Ramadi
A member of the Iraqi security forces holds an Iraqi flag at a government complex in the city of RamadiReuters

Iraq's victory in ousting Islamic State (Isis) in Ramadi is a significant one and it is little surprise that Iraqi President Haider al-Abadi and US President Barack Obama have been keen to present it as a milestone in the international campaign against Daesh.

Abadi has promised that the IS-stronghold of Mosul is next and while it is positive that the Iraqi forces are emboldened by their success in Anbar, we should not get carried away.

There are notable differences between Ramadi and Mosul, not least the populations – or lack of. Mosul was once a city of some two million and while that is believed to have halved since IS took control in June 2014, hundreds of thousands of civilians remain. Ramadi had a population of 500,000 before the war but all but a few thousand militants had fled when the Iraqi army rolled in last week.

Like Tikrit, Ramadi was largely abandoned by civilians when the Iraq army and Shia militias re-captured it from IS (Daesh). That matters because it allowed the US and its allies to pound IS positions with air strikes without fears of massive civilian casualties. Mosul remains a heavily- populated city and relentless bombing is an unlikely option. The Iraqis will have to fight IS street by street, a dangerous and bloody prospect.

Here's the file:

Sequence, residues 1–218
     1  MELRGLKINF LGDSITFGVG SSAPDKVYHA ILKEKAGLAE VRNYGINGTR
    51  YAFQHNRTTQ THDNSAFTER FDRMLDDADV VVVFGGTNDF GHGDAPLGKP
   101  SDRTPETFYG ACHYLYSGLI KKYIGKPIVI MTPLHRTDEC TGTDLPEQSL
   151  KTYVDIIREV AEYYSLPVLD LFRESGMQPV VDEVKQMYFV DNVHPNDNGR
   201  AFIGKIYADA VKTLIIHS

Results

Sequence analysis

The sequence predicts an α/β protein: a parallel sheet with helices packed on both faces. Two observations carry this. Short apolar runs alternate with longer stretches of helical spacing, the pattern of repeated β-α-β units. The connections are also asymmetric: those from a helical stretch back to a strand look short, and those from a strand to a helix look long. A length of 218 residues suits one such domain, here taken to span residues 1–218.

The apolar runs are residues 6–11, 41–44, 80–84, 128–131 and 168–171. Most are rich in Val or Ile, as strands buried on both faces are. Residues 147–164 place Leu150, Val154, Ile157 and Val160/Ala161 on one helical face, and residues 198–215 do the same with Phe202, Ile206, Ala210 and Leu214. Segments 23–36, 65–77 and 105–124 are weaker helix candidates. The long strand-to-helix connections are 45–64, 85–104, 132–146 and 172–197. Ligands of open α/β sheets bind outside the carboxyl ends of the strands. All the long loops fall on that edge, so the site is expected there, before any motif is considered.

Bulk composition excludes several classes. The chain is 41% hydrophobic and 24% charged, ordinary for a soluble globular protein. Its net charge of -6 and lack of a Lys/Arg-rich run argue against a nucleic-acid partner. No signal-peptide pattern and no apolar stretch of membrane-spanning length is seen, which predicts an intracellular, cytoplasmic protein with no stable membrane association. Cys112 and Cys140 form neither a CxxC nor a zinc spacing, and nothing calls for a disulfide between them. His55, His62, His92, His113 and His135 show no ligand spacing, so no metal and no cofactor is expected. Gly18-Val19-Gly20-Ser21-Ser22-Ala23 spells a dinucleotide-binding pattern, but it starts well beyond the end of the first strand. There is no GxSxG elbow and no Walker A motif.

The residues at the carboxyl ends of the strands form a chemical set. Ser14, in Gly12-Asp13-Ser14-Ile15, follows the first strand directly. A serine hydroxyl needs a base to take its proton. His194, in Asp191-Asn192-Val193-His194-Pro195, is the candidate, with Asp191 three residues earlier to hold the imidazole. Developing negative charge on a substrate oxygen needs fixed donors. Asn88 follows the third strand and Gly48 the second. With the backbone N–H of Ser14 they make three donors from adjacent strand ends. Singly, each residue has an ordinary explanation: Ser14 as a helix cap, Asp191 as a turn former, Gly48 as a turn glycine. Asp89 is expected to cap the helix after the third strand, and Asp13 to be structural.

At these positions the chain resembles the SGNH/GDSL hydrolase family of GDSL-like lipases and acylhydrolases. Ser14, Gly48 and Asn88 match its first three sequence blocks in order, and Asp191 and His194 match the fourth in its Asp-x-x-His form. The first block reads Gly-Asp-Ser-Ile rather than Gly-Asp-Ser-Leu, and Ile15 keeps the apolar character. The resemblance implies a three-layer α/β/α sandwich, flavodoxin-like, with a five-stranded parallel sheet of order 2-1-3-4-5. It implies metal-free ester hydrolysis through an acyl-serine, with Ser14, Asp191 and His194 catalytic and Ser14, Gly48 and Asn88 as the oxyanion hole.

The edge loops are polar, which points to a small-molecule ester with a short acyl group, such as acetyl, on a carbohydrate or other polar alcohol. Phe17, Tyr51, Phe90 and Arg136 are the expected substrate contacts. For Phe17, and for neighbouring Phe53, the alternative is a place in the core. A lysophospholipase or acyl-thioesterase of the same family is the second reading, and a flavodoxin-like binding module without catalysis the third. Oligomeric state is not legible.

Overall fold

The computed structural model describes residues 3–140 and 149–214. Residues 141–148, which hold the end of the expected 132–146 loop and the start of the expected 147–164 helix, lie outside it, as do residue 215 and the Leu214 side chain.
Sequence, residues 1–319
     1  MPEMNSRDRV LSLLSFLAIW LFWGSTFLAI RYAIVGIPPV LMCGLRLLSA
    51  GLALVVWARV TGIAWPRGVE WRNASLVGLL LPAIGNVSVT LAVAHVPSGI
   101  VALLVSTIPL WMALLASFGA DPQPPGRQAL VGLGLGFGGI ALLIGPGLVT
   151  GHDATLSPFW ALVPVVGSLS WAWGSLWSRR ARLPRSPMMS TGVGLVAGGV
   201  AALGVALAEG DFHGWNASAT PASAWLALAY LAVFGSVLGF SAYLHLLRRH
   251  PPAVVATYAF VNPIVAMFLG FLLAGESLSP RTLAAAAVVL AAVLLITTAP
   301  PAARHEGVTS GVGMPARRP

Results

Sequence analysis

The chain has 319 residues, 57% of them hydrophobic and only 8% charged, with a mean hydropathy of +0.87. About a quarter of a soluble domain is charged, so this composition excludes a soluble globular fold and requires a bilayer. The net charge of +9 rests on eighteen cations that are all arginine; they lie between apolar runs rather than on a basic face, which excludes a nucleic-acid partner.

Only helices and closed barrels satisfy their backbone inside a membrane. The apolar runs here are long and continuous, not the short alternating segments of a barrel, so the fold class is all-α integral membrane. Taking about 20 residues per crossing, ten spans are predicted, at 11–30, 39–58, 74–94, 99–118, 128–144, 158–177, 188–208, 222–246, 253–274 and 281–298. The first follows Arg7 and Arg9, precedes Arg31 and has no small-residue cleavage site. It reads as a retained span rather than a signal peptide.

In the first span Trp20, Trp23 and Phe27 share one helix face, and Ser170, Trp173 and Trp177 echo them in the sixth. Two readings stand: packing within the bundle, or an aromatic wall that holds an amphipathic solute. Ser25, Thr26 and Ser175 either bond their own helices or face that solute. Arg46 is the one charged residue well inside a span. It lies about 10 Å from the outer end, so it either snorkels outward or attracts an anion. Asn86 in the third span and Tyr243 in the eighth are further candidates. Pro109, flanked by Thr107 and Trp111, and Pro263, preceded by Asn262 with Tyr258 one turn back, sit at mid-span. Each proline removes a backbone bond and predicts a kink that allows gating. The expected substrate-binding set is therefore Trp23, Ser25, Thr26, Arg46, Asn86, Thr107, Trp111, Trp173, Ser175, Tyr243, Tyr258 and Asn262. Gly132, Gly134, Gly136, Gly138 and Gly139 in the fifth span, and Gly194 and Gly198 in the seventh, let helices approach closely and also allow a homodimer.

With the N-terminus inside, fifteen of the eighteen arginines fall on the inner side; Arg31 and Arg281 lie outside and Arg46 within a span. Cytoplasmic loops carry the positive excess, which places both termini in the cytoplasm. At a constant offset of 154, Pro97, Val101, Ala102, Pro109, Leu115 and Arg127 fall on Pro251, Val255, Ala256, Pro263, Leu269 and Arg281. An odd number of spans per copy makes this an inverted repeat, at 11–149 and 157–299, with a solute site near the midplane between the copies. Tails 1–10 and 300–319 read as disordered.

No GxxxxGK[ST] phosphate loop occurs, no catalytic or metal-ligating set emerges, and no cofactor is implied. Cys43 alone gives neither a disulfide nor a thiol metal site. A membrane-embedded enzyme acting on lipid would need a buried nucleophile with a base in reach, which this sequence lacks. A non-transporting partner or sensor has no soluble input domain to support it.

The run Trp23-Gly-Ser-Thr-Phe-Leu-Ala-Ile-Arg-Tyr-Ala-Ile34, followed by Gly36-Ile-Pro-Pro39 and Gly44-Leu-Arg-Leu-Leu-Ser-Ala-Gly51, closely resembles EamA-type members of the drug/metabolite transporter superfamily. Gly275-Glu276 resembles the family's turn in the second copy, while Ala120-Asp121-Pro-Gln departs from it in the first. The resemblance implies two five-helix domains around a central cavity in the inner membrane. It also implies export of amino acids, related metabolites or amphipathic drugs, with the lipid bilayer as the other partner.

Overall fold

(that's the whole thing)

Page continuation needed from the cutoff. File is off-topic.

The lack of civilians also allowed the Iraqis to utilise the Iranian-backed Shia militias known as the Haashd al-Shaabi despite Ramadi and wider Anbar being a Sunni Arab stronghold. As in Tikrit, it is likely that civilians will be returned to Ramadi only once the Shia militias – which have had a chequered history of sectarian violence – have withdrawn. This, again, is not an option in Mosul.

As with Tikrit, the Sunni residents of Mosul will be watching intently – if they are able to, given IS's reported restrictions on internet use – what occurs in Ramadi now that IS have been dislodged. The Shia-dominated Iraqi government is mistrusted by many Sunnis and Ramadi will serve as an example of how Baghdad plans to take care of its Sunni population in a post-IS Iraq.

Baghdad will also not want to fight for Mosul alone. Indeed, Iraqi Finance Minister Hoshiyar Zebari told Reuters on Tuesday that Mosul cannot be re-captured without the support of Kurdish forces, which have so far been reluctant to stray too far from Kurdish territory in northern Iraq. While the Kurds were able to wrest Kirkuk from IS early in the war, Mosul is a largely Sunni Arab city and the cons of fighting for it by far outweigh the pros.

As for Abadi's bold claim that IS will be defeated in Iraq in 2016, it remains to be seen if Baghdad can harness the momentum it has gained in western Iraq and head north to Mosul. There are few that will not welcome a resurgent and confident Baghdad after years of abject failure – both militarily and politically – in combating IS, but a liberated Mosul and an IS-free Iraq still feels like a long way off.